“Regardless of the result, it will be a meaningful event in baduk (Go) history,” said Lee Sedol (left). “I heard Google DeepMind’s AI is surprisingly strong and getting stronger, but I am confident that I can win, at least this time.” AlphaGo has been developed by Google DeepMind, whose CEO and co-founder Demis Hassabis said “Go is the most profound game that mankind has ever devised. The elegantly simple rules lead to beautiful complexity. Go is a game primarily about intuition and feel rather than brute calculation which is what makes it so hard for computers to play well. We are honoured and excited to be playing this challenge match against Lee Sedol, a true legend of the game, and whether we win or lose, we hope that the match will inspire new interest in go from around the world.”
AlphaGo will play Lee Sedol in a five-game challenge match to be held from Wednesday, March 9 to Tuesday, March 15 in Seoul, South Korea. The games will be even, with $1 million USD in prize money for the winner. If AlphaGo wins, the prize money will be donated to UNICEF, STEM and go charities.
“The whole world is interested in this event as this is the first stage where humans and computers are competing in intelligence,” said Park Chimoon, Vice Chairman of the Korean Baduk Association. “I am proud that this historical stage is baduk (Go). I hope Lee Sedol 9 dan will win this time in order to prove humans’ remarkable intelligence and preserve the mysteries of baduk.”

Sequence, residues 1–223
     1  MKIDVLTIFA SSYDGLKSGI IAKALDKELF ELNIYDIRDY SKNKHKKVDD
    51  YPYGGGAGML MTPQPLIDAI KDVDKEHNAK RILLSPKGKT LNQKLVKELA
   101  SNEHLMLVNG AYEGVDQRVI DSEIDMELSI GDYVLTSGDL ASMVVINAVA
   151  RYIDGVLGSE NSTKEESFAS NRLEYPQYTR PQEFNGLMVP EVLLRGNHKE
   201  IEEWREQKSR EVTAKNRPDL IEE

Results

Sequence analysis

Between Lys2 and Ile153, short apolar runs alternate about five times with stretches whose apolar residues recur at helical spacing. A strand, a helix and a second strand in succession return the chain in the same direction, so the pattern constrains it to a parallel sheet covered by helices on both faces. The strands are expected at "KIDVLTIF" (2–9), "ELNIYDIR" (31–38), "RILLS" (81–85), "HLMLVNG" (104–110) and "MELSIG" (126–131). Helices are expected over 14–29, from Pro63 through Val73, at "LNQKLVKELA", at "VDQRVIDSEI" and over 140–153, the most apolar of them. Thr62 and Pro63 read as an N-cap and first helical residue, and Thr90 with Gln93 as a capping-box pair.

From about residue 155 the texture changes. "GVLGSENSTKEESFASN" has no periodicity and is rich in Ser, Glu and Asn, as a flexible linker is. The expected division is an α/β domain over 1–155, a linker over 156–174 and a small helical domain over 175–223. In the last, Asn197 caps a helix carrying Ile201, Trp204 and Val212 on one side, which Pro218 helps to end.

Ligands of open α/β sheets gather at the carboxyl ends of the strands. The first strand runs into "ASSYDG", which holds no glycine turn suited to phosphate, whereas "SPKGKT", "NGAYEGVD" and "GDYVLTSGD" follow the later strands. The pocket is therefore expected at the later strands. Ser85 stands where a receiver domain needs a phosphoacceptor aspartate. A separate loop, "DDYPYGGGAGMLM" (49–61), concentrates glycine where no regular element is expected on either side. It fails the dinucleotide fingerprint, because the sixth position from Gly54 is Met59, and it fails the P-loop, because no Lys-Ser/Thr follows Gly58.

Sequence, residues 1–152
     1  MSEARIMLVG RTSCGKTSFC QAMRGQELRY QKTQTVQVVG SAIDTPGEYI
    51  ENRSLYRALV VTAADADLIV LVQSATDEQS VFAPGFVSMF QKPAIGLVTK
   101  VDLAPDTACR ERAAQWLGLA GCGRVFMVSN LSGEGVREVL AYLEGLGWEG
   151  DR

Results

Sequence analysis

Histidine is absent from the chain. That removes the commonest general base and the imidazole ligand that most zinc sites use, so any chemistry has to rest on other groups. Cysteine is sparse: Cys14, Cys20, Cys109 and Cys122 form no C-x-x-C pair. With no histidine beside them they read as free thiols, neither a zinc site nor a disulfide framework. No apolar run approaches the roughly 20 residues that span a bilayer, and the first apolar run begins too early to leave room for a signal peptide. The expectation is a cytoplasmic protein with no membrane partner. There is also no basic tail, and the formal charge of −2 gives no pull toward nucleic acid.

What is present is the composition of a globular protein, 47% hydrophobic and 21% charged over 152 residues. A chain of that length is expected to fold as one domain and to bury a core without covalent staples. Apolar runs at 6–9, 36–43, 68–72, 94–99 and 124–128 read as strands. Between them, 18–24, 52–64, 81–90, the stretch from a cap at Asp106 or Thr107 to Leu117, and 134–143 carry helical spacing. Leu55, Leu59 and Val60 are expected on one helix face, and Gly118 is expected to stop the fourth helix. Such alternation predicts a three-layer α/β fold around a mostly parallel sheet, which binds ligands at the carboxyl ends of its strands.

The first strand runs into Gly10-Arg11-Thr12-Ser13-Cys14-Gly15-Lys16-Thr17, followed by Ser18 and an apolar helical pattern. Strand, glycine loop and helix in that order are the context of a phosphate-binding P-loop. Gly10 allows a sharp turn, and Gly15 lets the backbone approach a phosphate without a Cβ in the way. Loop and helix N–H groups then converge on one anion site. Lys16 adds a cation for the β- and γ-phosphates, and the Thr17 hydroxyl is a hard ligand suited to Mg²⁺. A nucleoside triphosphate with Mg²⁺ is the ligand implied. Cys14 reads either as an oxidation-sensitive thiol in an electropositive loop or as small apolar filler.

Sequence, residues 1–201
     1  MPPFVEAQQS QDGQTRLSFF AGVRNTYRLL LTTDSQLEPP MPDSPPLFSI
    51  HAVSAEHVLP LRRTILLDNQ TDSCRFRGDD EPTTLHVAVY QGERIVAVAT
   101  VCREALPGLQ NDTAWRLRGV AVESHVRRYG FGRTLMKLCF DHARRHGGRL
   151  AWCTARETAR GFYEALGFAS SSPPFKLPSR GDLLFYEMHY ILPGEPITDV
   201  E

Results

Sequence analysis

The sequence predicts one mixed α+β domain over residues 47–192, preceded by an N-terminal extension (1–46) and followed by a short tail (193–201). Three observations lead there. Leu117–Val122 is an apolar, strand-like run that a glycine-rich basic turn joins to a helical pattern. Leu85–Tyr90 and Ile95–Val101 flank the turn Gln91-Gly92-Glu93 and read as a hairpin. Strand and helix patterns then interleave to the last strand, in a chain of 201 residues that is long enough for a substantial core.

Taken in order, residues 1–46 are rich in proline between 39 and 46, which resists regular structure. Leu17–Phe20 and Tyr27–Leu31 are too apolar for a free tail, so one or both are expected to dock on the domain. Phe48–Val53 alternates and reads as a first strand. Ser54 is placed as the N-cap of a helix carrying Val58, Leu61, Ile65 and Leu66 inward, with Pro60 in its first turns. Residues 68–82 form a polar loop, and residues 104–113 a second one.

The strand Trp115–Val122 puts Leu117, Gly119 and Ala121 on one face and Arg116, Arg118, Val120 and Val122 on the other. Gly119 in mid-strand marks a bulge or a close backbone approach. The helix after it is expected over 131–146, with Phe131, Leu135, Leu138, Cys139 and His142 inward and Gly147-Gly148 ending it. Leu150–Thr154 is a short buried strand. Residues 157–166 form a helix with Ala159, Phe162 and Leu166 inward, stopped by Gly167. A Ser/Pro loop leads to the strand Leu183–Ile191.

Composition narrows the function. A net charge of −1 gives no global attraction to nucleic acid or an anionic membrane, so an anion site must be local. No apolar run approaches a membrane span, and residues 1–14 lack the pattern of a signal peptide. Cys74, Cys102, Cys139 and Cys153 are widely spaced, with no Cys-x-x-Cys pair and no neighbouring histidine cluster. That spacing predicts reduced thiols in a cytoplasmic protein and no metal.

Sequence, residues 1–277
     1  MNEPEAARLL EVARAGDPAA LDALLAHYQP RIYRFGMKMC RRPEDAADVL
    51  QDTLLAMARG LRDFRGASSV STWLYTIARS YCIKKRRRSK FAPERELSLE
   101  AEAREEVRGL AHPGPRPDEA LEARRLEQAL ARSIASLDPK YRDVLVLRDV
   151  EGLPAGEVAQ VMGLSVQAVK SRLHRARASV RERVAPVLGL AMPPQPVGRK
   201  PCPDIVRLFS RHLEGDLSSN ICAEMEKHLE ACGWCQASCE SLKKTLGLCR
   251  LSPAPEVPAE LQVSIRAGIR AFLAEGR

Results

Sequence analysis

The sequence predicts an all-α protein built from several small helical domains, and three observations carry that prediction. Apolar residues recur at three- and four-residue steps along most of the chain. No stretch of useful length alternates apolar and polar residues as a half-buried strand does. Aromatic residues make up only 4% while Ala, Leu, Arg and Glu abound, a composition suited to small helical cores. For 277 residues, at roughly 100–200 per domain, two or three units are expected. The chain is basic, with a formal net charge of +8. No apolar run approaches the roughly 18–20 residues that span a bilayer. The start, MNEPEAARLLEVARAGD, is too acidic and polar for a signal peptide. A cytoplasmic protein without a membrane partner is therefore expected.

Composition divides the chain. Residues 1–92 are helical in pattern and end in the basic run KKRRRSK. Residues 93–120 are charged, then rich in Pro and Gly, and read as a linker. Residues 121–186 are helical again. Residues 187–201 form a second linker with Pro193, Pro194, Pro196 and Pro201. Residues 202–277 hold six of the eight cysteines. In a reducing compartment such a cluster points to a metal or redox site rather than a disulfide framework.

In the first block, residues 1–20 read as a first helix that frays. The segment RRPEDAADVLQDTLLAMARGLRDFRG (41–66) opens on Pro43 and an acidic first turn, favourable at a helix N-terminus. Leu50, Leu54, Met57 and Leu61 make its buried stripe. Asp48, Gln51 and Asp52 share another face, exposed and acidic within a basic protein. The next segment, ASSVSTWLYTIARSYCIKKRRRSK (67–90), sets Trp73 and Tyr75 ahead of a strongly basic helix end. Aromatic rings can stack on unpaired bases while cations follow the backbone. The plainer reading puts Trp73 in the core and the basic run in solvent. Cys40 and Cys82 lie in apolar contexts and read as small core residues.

Sunday February 21, 2016
The first IMSA Elite Mind Games (IEMG) are being held from February 25 to March 3 at the New Century Hotel Huaian, China. A re-branded event of SportAccord World Mind Games, IEMG will feature five mind sports: go, chess, bridge, draughts, and xiangqi. Thirty top players from around the world will be competing for total prize money of 200,000 EUR in three medal events: Men’s Team, Women’s Individual, and Pair. The International Mind Sports Association is organizing the event and Ranka Online will provide full coverage of the event.
- adapted from a report in Ranka Online, which includes the list of players, tournament outline and schedule.
See also Strong North American Go Team Headed for Huai’an for Inaugural IMSA Games.
Sunday February 21, 2016
If you missed the February 14 livestream of “Lee Changho 9p vs Cho Chikun 9p, the LEGENDS OF BADUK FINAL ROUND” you can catch it now on the AGA’s YouTube Channel. Lee Changho plays Cho Chikun (Chihoon), in the last round of the LEGENDS OF BADUK tournament featuring the greatest Korean players of the ’80s and ’90s; Myungwan Kim 9P comments, with Andrew Jackson.
Saturday February 20, 2016
Beomgeun Cho 7D (right) won the 2016 Jujo Ing Cup open section and Ary Cheng 4D won the handicap section. The 24th Jujo Ing Cup tournament was held February 14 at the Hilton Hotel in Chinatown, San Francisco. Jiang ZhuJiu, Rui NaiWei and Jiang MingJiu were all in attendance. “A great time was had by all, but the main topic of discussion always seemed to revert to AlphaGo,” reports organizer and TD Ernest Brown. “Next year’s tournament — the 25th — promises to be a grand affair and we hope to provide free entry to anyone who has participated over the past 25 years.” Click here for complete open section results and handicap section results.
photo by Ernest Brown